Take Control of the Details; Women Travel Differently
Amid the millions of commuters crowding trains and clogging highways each workday is a rare creature: the contented commuter.
How to create the perfect commute? Track down a few happy travelers, and they’ll tell you it’s not just about length. People can enjoy commutes as long as 45 minutes, studies show—and men are less frustrated by long commutes than women. But a happy commute is predictable. It is productive—often enlivened by mobile devices and satellite radio. And it offers clear rewards for the hassle. A person who commutes an hour each way has to make 40% more money to be as satisfied with life as a person who lives near the office, according to research co-authored by Alois Stutzer, an economics professor at the University of Basel in Switzerland.
Mike Venerable plans his 30- to 45-minute car commute from Mason, Ohio, to his job in Cincinnati to gain efficiency and control. If he doesn’t have an early meeting at work, he avoids traffic by waiting to hit the road and starts his workday at Starbucks over a grande half-caf with cream. He heeds traffic reports and varies his route to avoid congestion—taking back streets if necessary. Mr. Venerable, a managing director of CincyTech, a Cincinnati investment group, uses his hands-free phone to stream country music and “make a ton of calls,” scheduling talks with West Coast clients for the drive home.
He sometimes keeps talking after he pulls into his driveway, even when his three children, ages 11 through 13, peer through the car window. “The ultimate commuter—a person who really likes the amenities of commuting—is somebody like me, who will pull into the driveway and have a conversation going on for 20 minutes without getting out of the car,” Mr. Venerable says.
Some of his friends think his commute is long—and it is by the standards of Cincinnati, where commutes average about 24 minutes. But Mr. Venerable, 51, purposely chose the calm suburb of Mason, which has made Money magazine’s best-small-towns list, when he quit his job in northern Virginia several years ago. Congestion in Cincinnati is predictable. His drive takes half as long as the hour to 1 1/2 hours it took back in Virginia, where “you can hit a traffic jam at 11 a.m. or 2 p.m. or 8 p.m.,” he says.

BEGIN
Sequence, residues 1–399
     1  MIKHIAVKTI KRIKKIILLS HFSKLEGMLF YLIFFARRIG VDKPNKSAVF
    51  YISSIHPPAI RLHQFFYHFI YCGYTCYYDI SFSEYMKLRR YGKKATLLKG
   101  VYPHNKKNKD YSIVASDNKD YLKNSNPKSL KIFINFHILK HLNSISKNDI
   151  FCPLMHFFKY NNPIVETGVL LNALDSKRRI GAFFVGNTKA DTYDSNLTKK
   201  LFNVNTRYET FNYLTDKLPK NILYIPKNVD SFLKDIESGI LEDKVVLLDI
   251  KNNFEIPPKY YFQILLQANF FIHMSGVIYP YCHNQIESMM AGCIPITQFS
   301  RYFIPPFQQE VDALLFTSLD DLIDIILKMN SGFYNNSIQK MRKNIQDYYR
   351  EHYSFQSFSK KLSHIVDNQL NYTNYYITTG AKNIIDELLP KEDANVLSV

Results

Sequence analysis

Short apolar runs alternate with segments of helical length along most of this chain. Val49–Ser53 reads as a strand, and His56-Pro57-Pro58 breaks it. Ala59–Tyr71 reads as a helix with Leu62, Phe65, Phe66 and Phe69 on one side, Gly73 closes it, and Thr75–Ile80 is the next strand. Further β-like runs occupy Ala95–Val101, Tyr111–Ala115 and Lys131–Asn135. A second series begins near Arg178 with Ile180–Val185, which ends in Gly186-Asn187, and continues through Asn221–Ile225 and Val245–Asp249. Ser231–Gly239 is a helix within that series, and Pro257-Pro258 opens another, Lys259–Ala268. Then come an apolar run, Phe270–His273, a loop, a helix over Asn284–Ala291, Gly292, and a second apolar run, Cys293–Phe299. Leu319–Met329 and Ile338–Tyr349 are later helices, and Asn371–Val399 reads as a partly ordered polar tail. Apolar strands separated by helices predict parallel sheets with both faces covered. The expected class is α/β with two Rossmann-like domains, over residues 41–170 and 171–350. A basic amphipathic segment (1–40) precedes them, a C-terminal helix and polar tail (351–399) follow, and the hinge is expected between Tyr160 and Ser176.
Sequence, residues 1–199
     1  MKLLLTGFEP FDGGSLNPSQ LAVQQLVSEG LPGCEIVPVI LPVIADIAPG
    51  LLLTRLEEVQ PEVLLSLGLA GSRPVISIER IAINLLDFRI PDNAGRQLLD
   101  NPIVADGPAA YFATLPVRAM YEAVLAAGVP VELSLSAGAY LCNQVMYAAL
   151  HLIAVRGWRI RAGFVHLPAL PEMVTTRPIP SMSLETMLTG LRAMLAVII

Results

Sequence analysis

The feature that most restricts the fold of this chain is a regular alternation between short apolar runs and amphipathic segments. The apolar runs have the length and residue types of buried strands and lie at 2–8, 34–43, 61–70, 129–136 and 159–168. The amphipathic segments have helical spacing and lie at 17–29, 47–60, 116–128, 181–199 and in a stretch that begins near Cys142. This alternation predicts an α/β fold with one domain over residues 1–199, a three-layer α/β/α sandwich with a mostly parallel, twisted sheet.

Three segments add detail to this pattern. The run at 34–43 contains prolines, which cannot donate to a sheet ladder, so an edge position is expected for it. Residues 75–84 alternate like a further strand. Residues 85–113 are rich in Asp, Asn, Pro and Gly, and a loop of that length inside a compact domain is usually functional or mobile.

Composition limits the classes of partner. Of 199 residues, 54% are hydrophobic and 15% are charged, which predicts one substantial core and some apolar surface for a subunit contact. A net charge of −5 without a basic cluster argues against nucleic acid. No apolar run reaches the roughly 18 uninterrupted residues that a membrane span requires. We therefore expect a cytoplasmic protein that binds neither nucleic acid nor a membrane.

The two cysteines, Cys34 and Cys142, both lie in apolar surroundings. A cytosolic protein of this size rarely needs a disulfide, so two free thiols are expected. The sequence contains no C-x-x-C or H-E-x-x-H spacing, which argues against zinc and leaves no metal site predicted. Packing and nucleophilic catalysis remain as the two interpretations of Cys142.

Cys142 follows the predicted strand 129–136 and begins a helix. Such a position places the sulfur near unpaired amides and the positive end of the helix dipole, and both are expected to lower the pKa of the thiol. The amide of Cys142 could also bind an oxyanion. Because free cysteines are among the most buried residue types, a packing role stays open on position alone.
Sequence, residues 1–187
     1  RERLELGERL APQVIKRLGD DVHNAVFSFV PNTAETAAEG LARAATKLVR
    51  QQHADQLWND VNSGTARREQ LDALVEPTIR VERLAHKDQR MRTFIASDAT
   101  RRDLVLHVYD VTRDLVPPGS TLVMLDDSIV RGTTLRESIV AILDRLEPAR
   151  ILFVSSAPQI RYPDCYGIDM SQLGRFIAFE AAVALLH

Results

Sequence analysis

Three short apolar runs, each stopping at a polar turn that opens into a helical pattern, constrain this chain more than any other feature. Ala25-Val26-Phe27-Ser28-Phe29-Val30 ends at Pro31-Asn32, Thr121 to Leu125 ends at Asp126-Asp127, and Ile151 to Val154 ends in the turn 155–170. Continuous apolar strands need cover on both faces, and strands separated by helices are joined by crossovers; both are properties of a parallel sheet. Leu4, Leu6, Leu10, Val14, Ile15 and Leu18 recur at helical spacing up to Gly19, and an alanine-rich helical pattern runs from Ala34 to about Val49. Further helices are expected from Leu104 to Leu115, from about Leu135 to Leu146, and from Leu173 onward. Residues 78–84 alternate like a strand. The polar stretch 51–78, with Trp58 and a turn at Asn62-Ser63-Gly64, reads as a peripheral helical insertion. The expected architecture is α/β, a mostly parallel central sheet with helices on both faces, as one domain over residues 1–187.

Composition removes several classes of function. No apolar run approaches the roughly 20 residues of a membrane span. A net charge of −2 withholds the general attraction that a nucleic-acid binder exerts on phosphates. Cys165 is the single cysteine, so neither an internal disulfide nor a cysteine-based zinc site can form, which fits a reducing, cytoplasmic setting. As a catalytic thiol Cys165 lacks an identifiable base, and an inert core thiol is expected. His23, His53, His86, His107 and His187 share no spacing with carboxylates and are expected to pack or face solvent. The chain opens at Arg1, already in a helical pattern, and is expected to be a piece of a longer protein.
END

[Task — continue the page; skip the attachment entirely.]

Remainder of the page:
A growing number of Americans have very long commutes, new national data show. While the average commute has remained unchanged at 25.5 minutes in recent years, those traveling more than an hour each way rose to 11.1 million in 2012, up 300,000 from 2011, says Alan Pisarski, a Falls Church, Va., transportation consultant and author of a series of national commuting studies.
More women are making long commutes than in the past, and a growing percentage drive alone rather than car-pooling or taking mass transit, Mr. Pisarski says. Women tend to be unhappier about long commutes than men, even after controlling for any improvement in income, job satisfaction or housing quality—perhaps because women tend to shoulder more housework at home, says a 2011 study in the Journal of Health Economics.
While a growing number of people bike to work, it is small. More than 75% of commuters travel alone by car, Census data show. Driving is usually faster than mass transit. But it can add stress. In big cities, car commuters waste 52 hours a year stuck in traffic, according to the Texas A&M Transportation Institute, College Station, Texas. Mr. Pisarski adds, “A commuter who says, ‘This trip should take 20 minutes and it’s taking 30’ can get very frustrated.” The desire for predictability drives many commuters to switch to mass transit, says a 2011 study by researchers at the University of Pennsylvania.